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When it came out in 2006, The Devil Wears Prada was a mid-level budgeted movie with a breakthrough cast and an epic performance from Meryl Streep as Miranda Priestley. However, as much as people loved Priestley's complicated life, Andy's changing relationship with fashion, Nigel's ever-reaching dreams and Emily's blunt but likable personality, there's one character that people aren't really into, Andy's boyfriend Nate. Screenwriter Aline Brosh McKenna knows it, recently explaining exactly why writing that character was really challenging.
That was a 'girlfriend' part, really. That's a part that a lot of women end up playing, the 'why aren't you home more,' the naggy wife. I have to say, that character was the biggest challenge to write, and oddly, the character [director David Frankel] and I talked about the most, because we wanted to make sure he wasn't a pain in the ass, but he is the person who is trying to say, 'Is this who you want to be morally?'
People who have seen The Devil Wears Prada often remember Nate as a character who didn't really appreciate or try to support Andy during her time working for Runway. The character, played by Adrian Grenier in the film, wasn't exactly a meaty role. Although he is close to the top of the chart in terms of the number of scenes he is in and his importance to the main chracter, he's mostly a character meant to provide conflict in Andy's life as she learns that having a fulfilling home life and an intense but satisfying career may not always align perfectly. He's the "naggy wife," as she notes, of The Devil Wears Prada. That's not really a role that people are going to fall in love with, and the screenwriter actually goes so far as to call the role "thankless" later on.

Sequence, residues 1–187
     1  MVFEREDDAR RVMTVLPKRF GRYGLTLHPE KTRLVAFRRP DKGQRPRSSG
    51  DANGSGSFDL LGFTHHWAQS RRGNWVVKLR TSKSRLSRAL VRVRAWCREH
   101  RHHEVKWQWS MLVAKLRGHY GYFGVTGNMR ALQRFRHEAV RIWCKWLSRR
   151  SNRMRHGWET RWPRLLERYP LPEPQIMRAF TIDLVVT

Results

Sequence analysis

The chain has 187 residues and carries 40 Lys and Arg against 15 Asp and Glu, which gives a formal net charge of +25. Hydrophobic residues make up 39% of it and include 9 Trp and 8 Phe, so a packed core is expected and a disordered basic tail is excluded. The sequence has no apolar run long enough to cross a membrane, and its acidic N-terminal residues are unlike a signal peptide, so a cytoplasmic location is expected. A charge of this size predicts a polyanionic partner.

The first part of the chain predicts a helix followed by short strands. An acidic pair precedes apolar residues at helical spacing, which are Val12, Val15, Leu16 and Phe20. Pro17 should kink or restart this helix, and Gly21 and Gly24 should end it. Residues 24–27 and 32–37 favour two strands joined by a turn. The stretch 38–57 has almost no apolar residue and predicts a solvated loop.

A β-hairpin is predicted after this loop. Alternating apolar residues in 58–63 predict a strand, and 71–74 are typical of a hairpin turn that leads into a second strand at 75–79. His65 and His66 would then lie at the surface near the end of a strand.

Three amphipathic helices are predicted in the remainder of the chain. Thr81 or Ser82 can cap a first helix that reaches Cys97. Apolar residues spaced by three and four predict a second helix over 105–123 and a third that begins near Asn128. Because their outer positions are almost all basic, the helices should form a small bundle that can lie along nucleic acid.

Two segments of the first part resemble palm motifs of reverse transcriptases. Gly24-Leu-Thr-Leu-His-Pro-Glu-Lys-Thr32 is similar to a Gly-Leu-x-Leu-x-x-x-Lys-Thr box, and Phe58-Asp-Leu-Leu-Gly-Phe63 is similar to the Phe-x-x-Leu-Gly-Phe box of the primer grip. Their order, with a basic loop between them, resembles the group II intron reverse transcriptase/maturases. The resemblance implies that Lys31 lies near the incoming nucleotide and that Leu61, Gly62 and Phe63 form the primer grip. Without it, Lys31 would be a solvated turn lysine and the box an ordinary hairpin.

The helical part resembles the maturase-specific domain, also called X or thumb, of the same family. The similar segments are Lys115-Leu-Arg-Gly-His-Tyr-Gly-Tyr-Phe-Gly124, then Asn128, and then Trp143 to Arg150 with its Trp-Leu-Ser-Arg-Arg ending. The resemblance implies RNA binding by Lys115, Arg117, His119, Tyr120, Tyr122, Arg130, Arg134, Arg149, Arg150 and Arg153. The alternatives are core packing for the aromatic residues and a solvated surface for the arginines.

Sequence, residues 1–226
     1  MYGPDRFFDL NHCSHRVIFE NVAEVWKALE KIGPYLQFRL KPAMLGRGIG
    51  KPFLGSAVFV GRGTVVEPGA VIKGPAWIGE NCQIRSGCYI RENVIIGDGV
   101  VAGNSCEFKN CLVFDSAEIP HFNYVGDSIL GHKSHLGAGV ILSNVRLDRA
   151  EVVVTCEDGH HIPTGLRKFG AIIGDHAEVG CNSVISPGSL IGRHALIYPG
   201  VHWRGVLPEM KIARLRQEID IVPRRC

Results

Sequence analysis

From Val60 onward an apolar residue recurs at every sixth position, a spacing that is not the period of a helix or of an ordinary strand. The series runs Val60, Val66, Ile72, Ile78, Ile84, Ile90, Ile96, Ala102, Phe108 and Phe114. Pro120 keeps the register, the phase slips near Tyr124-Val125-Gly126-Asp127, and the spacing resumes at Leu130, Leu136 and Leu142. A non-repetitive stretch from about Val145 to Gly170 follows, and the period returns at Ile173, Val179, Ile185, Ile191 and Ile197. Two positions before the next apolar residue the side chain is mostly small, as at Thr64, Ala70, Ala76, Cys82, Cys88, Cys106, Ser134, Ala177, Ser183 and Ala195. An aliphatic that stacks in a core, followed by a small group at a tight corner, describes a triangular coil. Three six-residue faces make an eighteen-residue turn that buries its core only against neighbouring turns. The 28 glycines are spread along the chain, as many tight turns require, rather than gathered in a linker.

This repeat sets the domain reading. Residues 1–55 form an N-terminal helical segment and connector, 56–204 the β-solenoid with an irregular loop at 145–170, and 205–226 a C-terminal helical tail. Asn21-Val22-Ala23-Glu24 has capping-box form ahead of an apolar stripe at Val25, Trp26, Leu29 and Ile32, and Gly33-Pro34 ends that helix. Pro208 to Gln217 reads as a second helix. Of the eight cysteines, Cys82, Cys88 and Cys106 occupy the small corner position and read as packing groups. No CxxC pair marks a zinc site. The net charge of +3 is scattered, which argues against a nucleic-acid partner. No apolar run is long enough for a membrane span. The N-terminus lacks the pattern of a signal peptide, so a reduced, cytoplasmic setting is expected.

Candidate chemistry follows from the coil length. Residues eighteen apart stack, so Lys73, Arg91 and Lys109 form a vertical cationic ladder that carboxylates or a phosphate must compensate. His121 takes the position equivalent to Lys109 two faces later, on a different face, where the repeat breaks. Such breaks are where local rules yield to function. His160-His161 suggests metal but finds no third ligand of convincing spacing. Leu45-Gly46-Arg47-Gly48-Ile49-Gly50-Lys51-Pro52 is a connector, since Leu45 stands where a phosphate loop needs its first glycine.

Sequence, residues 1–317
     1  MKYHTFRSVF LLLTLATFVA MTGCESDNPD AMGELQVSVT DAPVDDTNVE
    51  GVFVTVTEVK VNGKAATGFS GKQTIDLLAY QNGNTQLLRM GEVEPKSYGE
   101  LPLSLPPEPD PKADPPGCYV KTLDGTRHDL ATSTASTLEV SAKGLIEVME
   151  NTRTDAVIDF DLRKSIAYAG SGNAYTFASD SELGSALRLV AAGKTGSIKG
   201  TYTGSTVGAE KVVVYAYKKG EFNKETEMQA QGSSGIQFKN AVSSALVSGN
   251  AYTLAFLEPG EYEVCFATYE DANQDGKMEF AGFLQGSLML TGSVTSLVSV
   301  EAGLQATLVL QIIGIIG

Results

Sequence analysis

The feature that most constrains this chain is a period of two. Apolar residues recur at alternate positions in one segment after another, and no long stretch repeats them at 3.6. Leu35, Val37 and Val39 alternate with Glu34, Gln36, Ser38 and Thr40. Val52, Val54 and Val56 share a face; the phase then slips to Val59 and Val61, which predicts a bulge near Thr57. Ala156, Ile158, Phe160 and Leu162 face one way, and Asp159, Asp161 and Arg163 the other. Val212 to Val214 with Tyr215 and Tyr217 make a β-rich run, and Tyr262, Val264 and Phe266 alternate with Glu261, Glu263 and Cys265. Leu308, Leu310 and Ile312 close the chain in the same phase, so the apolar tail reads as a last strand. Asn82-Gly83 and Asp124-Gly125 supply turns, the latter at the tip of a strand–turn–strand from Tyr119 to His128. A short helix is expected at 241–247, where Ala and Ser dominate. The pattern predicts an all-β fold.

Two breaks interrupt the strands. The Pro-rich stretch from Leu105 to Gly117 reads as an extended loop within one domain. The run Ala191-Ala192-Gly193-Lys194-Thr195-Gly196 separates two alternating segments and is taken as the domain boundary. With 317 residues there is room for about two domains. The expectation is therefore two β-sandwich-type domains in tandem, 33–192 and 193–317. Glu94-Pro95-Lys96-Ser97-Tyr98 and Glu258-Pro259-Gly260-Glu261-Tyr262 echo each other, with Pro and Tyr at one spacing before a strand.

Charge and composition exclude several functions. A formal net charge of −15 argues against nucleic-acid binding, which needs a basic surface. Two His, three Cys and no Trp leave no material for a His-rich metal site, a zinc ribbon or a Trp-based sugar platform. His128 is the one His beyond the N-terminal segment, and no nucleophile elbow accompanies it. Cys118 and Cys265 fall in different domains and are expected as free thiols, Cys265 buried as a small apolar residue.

Still, while speaking to EW, Aline Brosh McKenna also said that while she is aware of peoples' feelings toward Nate, she does feel that he is a little more nuanced than the things people remember about him. For example,
I think that now, however many years later, what people focus on is that he's trying to restrict her ambition. But her ambition is going towards something that she doesn't really believe in, so he has a point. The part that makes me giggly when I read is him being upset about his birthday. It's pretty whiny -- but he does say later that it wasn't what he was upset about.
So, Nate may not be great, but according to The Devil Wears Prada screenwriter, he's really not the worst either. So maybe it's OK that they reconciled toward the end? Still, a big part of me really wishes that Andy had just embraced the more selfish parts of her personality, become Miranda Priestley 2.0 and the movie had ended on her and Nigel drinking champagne and poking fun at another new girl's outfit.
Regardless, I guess that whole enlightened ending works too, even if it does mean Nate was still in the picture. The Devil Wears Prada is currently available streaming, and probably somewhere in a $5 dollar bin at Walmart. To find out what's heading into theaters, head here.